How about you?  Have you had the chance to get away this summer?  Where did you go, who were you with, what did you see?  Most importantly, are you grateful for the experience? 

I know some people reading these lines might not be able to enjoy a vacation this year due to illness, finances, etc.  If this sounds like you, I hope you’ll be able to at least go to a park, a museum, the beach, or the mountains, even if it’s just for a few hours.  And if none of those are options, close your eyes and dream of a place you’ve always wanted to go.  Enjoy the visit, and I hope you can go back again soon!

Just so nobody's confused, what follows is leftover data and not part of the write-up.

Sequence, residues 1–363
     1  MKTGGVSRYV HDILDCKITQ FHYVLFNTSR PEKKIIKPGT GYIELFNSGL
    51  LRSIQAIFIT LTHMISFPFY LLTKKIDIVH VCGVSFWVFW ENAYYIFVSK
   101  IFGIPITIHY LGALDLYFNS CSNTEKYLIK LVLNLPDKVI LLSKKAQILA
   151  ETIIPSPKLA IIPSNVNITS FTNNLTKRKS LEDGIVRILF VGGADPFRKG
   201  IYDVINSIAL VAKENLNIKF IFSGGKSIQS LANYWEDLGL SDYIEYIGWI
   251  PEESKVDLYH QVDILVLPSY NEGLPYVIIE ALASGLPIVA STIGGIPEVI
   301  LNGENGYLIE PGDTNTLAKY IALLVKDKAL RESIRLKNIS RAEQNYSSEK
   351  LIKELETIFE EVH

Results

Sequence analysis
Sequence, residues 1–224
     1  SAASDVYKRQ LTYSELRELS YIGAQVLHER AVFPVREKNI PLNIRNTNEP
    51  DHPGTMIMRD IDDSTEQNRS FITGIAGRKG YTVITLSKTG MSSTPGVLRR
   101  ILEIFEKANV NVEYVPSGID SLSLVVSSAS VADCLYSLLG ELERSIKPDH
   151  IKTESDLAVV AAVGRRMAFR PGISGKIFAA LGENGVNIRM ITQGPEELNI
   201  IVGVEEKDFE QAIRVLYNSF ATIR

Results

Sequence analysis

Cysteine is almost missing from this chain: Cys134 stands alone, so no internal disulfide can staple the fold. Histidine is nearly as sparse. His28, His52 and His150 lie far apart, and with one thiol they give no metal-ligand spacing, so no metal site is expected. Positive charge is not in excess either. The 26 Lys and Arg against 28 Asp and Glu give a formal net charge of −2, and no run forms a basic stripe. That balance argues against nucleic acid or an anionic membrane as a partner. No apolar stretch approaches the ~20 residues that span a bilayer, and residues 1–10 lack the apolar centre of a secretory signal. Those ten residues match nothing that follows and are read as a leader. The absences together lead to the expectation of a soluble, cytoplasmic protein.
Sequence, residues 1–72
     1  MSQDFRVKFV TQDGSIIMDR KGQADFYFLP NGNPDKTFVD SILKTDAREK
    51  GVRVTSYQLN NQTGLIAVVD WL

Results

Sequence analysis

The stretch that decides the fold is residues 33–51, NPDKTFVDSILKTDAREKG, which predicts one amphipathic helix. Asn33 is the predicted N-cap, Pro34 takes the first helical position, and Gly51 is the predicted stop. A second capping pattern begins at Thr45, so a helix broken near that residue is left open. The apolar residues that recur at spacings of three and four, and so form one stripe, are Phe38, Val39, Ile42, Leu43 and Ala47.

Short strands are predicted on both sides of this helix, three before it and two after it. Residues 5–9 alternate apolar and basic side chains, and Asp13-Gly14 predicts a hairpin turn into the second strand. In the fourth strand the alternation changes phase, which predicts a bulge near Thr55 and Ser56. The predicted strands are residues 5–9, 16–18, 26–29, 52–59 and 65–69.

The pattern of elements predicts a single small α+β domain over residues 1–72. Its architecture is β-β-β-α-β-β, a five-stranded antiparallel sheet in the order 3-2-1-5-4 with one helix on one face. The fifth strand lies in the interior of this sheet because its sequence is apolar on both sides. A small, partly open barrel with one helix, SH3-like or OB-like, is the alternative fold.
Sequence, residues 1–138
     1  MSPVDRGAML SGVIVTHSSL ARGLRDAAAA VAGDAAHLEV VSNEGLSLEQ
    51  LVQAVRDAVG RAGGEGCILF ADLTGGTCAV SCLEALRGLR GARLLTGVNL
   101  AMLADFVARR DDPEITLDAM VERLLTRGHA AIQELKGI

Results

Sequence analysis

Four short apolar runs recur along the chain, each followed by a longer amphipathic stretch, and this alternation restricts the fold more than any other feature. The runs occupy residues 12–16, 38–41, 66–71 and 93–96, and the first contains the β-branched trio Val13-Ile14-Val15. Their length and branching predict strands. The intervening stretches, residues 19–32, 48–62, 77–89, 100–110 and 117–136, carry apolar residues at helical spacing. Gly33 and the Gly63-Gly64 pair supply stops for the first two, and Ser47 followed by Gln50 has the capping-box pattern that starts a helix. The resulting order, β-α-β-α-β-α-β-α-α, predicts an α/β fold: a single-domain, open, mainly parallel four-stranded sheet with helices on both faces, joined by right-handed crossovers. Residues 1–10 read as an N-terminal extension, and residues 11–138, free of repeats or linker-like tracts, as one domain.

Summer Joy

This afternoon, I had the opportunity to visit with a good friend.  Our conversation was not long, but it was rich in subjects.  He had just gotten back from a trip to France, and by chance our paths crossed at the place where he worked and where I was spending the day writing, so we sat down on a bench under the trees for a bit and talked about our summer.   He told me about the places he visited, how miserably hot it was, and what he liked about the trip.  Overall, it was great for him.  We then turned to books we were reading, how my doctoral writing was going, and how things were shaping up for the various ministries we do.  Our time together went by too quickly, but sadly we had other things to accomplish before our day was over.